Or of this:
I understood it just as I understood Dark Matter, the material of the universe that makes up everything that must be there but we cannot find.
It’s one thing to accept that when an imaginative seven year old who loves books, describes his adventures we believe they are extraordinary. But are we really meant to believe that the boy who thinks in terms of icing on birthday cakes is the same child as the one who fully comprehends quantum physics and the nature of the universe?
This was however just one quibble and I’ll forgive Gaiman for this indiscretion because the rest of The Ocean at the End of the Lane was beautifully constructed and a joy to read. I’m not surprised it was voted Book of the Year in the 2013 British National Book Awards.
Olivia Manning’s best known work, The Balkan Trilogy, juxtaposes world-changing events with the domestic concerns of the newly-married Guy and Harriet Pringle. She revisits that narrative device in The Danger Tree, the first novel in her Levant Trilogy, following the fortunes of the Pringles together with a hotch-potch of refugees from a Europe under the control of Hitler’s forces.
In their new home in Cairo they are no more secure than they were in Europe. The German forces are advancing through Egypt, creating tension among the ex-pat community. Some choose to make their escape before the rumoured planned evacuation of Cairo. Others who cannot leave become increasingly worried. The Egyptians barely tolerate them and the Americans are more concerned with saving themselves than anyone else.
Nevertheless nothing, not even the threat of capture will deter this odd assortment of characters (many of whom are egocentric idlers) from their cocktails and parties or the occasional trip into the desert where they clamber into the burial chambers of the Pyramids. Anything to relieve the monotony and the daily battle with stultifying heat.
Into this melting pot comes a fresh-faced British officer, Simon Boulderstone. He’s clearly an innocent abroad, a young man who is a loner desperate to make friends. Those he made on the ship bringing in reinforcements seem to have disappeared, leaving Simon feeling adrift on his arrival in Cairo.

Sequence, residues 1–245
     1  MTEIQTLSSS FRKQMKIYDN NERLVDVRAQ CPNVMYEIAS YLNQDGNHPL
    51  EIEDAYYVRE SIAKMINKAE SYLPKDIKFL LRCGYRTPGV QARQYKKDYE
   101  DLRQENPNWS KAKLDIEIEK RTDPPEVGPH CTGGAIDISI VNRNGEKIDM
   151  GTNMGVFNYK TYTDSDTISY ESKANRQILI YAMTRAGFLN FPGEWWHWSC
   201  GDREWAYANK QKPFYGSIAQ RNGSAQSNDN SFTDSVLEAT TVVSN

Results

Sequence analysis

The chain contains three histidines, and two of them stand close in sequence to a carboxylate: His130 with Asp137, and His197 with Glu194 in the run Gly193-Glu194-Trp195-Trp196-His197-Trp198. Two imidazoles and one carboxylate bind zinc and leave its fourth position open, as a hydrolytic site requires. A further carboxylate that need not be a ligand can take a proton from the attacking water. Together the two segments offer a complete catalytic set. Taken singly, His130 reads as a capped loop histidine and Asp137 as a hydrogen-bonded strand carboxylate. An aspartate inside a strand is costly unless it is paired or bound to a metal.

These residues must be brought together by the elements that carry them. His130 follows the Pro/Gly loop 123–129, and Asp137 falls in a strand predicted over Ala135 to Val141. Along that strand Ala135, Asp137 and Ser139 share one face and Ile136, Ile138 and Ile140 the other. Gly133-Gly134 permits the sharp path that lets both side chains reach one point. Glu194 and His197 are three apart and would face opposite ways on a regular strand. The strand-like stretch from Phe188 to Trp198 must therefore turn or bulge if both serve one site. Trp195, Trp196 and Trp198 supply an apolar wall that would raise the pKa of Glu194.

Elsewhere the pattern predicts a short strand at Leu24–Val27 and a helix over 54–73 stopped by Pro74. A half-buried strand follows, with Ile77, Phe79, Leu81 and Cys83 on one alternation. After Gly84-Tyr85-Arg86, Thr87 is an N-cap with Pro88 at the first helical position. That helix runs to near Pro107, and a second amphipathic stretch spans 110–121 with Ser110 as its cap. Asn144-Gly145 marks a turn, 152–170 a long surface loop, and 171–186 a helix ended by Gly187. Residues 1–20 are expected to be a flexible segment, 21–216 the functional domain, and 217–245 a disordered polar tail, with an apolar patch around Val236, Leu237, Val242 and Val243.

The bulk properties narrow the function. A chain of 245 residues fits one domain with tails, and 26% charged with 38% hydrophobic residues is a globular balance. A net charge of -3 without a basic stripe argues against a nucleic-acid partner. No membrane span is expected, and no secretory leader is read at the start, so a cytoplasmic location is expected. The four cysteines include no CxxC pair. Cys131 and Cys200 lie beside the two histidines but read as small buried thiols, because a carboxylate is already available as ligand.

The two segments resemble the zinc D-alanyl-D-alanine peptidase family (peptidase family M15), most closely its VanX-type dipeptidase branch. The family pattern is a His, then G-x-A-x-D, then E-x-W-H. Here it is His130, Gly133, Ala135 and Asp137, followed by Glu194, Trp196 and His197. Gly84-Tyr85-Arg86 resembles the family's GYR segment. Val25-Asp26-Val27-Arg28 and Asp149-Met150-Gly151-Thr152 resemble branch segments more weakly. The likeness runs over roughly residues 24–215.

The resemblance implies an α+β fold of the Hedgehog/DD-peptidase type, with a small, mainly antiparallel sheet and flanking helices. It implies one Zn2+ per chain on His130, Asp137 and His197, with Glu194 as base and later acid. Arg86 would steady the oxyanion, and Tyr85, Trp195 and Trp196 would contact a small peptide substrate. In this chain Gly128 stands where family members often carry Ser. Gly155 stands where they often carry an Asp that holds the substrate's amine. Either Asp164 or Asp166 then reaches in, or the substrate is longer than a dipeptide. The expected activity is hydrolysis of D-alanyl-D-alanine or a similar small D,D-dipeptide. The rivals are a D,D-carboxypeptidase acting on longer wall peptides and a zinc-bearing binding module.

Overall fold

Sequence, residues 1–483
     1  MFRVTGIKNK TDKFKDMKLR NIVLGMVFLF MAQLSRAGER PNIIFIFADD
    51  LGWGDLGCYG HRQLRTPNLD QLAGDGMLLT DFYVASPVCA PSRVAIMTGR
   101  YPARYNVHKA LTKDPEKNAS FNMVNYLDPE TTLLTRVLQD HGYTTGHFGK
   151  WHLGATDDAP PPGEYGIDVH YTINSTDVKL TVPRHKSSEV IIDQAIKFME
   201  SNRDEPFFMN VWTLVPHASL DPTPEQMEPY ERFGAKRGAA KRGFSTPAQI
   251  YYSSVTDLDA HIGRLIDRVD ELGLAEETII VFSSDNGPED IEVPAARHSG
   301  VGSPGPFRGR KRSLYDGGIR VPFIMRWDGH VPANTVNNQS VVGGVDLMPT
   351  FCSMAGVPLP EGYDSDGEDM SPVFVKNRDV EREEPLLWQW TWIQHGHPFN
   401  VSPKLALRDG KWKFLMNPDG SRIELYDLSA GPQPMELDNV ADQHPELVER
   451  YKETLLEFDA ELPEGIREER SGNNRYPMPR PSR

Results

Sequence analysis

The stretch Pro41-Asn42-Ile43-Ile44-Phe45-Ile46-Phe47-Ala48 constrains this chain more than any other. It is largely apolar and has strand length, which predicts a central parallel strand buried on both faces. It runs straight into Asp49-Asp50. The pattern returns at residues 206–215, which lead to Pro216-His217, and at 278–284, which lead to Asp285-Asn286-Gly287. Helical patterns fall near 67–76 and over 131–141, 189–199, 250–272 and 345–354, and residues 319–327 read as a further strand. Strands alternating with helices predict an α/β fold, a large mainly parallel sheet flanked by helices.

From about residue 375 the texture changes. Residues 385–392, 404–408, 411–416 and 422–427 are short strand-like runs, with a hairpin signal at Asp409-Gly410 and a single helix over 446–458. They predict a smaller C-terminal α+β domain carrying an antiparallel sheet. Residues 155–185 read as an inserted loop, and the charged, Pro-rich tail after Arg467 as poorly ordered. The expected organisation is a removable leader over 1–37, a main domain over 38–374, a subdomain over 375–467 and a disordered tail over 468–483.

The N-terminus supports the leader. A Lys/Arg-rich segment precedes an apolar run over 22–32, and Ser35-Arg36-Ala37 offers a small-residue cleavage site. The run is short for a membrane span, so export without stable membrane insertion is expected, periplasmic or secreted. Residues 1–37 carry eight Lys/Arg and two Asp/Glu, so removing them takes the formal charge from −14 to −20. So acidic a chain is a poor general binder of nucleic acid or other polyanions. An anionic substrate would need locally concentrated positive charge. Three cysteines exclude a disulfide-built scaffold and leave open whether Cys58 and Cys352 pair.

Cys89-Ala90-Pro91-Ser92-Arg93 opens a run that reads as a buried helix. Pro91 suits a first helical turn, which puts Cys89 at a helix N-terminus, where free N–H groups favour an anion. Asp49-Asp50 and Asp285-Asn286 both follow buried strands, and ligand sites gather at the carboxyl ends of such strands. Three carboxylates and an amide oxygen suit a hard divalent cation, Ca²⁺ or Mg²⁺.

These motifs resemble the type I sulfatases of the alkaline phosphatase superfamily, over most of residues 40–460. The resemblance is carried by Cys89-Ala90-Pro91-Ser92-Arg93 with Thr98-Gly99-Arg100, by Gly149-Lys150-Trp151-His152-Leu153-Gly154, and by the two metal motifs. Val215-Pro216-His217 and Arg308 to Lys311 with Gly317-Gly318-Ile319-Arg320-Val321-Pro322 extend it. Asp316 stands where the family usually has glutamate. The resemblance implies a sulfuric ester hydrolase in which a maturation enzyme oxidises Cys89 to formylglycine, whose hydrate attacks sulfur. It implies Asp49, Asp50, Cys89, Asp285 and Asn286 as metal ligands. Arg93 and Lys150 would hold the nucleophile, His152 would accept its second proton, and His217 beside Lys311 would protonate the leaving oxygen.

Waiting for a taxi, he breathed in the spicy, flaccid atmosphere of the city and felt the strangeness of things around him. The street lamps were painted blue. Figures in white robes, like night-shirts, flickered through the blue gloom, slippers flapping from heels. The women, bundled in black, were scarcely visible. The district looked seedy and was probably dirty but the barracks, he thought, would be familiar territory. He hoped Major Perry would be there to welcome him.
It’s through the eyes of this naive young officer that we see the disarray of the Allied war effort. Put in charge of part of a convoy to take vital supplies to the battle lines, he has no real idea how to conduct himself or the men under his command. Everything that was familiar has already disappeared and as the trucks drive mile after mile through a landscape rendered featureless by sandstorms, his feeling of unreality continues. Even when, after long stretches of inactivity, he is suddenly confronted with the brutal realities of war, he acts as if he is in a trance. Manning skillfully deals with this in a matter of fact style, the very lack of sentimentality only serving to reinforce the grim nature of the experience.
Back in Cairo, Harriet is similarly dislocated. Guy takes himself off to Alexandria ostensibly for his work with some nebulous educational entity called the Organisation. While he’s occupying his time dreaming up lectures and cultural activities, she is left alone, feeling under-used in her own job and neglected by Guy.
What an obnoxious figure of a man Manning has created in Guy. He’s very much an absent husband who “loves everyone,” not just his wife. He’s never happier than when surrounded by friends and cooking up schemes for a play or some musical event. While Harriet has to endure the discomfort of a room in a pension, and her job in the American embassy where she is left in no doubt about her outsider status — he’s swanning about in Alexandria. Harriet begs him to leave Alexandria when the situation gets more fraught, but Guy decides that a course he’s running for just two students (who might not turn up anyway) is more important. Understandably Harriet feels isolated, confused and fearful for her marriage, especially when she begins to suspect his affections lie elsewhere. Guy of course is oblivious to the reasons for her distress.
He found it difficult to accept that his own behaviour could be at fault. And if it were, he did not see how it could be changed. It was as it always had been, rational, so if she were troubled, then some agency beyond them – sickness the summer heat the distance from England – must be affecting her. …. That she was unhappy concerned him yet would could hero about it. he had more than enough to do as it was…..